Performance - The Fastest Way To Loop Over An Array In Microsoft .NET

Arrays in Microsoft .NET is one of the fastest collections in the framework. I would guess that most developers loop over an array something like this:

var collection = personArray;
for (var index = 0; index < collection.Length; index++) {
    base.Update(collection[index]);
}

or

foreach(var person in collection) {
    base.Update(person);
}

Are either of these two ways to loop over an array the fastest? Well, after you read the rest of this article, I’m sure you will need to do some refactoring to speed up your projects.

Performance - The Fastest Way To Loop Over An Array In Microsoft .NET

As part of my work for the 3rd edition of my book “Rock Your Code: Code & App Performance for Microsoft .NET” (released in January of 2023), I tested every major collection type in .NET and every way to loop over these collections. I hope you pick up a copy since I learned a lot working on this edition, and you will too.

I tested these different ways to loop over a collection:

  • do()
  • do/while()
  • for()
  • foreach()
  • ForEach()
  • For()
  • For(MaxDegreeOfParallelism)
  • ForEach()
  • ForEach(MaxDegreeOfParallelism)
  • ForEachAsync()
  • ForEachAsync(MaxDegreeOfParallelism)

Which one of these ways to loop over a collection do you think is the fastest? First, let’s look at a few of these ways to loop over an array. This is an example of using Parallel.For() with MaxDegreeOfParallelism:

var collection = personArray;
ParallelOptions options = new() {
    MaxDegreeOfParallelism = 6
};
_ = Parallel.For(fromInclusive: 0, toExclusive: collection.Length, parallelOptions: options, body: (index) => {
    base.Update(collection[index]);
});

Benchmark Results

Here are the benchmark results that shows using Parallel.For() for a reference, value and record type.

Performance - The Fastest Way To Loop Over An Array In Microsoft .NET

Here is an example of using Parallel.ForEachAsync().

var collection = _personRecordArray;
await Parallel.ForEachAsync(collection, (person, token) => {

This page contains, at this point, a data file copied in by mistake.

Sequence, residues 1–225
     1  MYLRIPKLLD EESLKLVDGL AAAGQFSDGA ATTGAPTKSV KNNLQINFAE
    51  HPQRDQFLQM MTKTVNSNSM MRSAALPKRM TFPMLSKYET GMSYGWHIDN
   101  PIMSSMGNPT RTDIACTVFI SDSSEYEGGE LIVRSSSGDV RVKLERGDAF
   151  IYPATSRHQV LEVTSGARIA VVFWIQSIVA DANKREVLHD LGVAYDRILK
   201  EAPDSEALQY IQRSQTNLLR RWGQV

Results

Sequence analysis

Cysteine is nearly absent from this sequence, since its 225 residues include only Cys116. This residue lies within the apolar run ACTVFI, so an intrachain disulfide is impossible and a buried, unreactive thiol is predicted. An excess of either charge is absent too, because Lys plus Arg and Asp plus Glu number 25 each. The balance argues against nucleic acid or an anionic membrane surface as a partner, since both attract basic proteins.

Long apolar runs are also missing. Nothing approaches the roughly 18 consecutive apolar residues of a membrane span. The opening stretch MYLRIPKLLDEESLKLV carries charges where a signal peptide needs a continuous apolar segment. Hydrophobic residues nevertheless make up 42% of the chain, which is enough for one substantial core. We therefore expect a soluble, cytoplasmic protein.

base.Update(person);
    return new ValueTask();
});

Benchmark Results

Here are the benchmark results that shows using Parallel.ForEachAsync() for a reference, value and record type.

Performance - The Fastest Way To Loop Over An Array In Microsoft .NET

As you can see from these benchmarks, using Parallel.ForEachAsync() is a lot slower than using Parallel.For() (around 6.86 times slower).

So, what is the fastest way to loop over an array? Well, according to my benchmark tests, it can actually vary depending on the type used in the array. If the array contains a reference or value type, then using for() is the clear winner! If the array contains the record type, then using Parallel.For() is the fastest (around 1.13 times faster) Here is an example:

var collection = personRecordArray;
_ = Parallel.For(0, collection.Length, (index) => {
    base.Update(collection[index]);
});

In all of my benchmark tests, value types (structures) loops the slowest when compared to the reference and record type. I recommend to not use them in collections.

Using Spargine to Speed Up Arrays

I am currently making changes to my OSS project Spargine based on the findings in the latest edition of my code performance book. To make processing collections as fast as possible easy, I’m adding extension methods called PerformAction(). Here is how I unit test this method:

var words = RandomData.GenerateWords(count: 10, minLength: 10, maxLength: 100).ToArray();
var sb = new StringBuilder();
words.PerformAction((word) => {
    sb.Append(word);
});
var result = sb.ToString();

This method also verifies there are items in the array to prevent exceptions. I will be using this method from now on when processing arrays because if the .NET team comes out with an even faster way to loop over an array, I can just change the code in PerformAction() and instantly all projects that use it get the performance boost! Code reuse is a good thing! I will revisit these methods whenever I do a major run of my benchmark tests so make sure to keep the Spargine NuGet packages up to date. You can add Spargine to your projects by going here: http://bit.ly/dotNetDaveNuGet.

Summary

Is using for() or Parallel.For() the fastest way to loop over all collection types? No, it is not. Different types used in collections even perform differently, as discussed in this article. So, make sure to benchmark your projects, or pick up a copy of my book “Rock Your Code: Code & App Performance for Microsoft .NET” to learn the fastest way to loop over every major collection type in .NET! If you would like to benchmark your code like I do for my book, please read this article “Benchmark your Code Like dotNetDave”.

Do you have any performance questions about .NET? Please make a comment below. I’d love to hear from you.

 


Recommended Ebook

.NET Interview Questions and Answer: Practical Implementation

Download Now!
Similar Articles
McCarter Consulting
Software architecture, code & app performance, code quality, Microsoft .NET & mentoring. Available!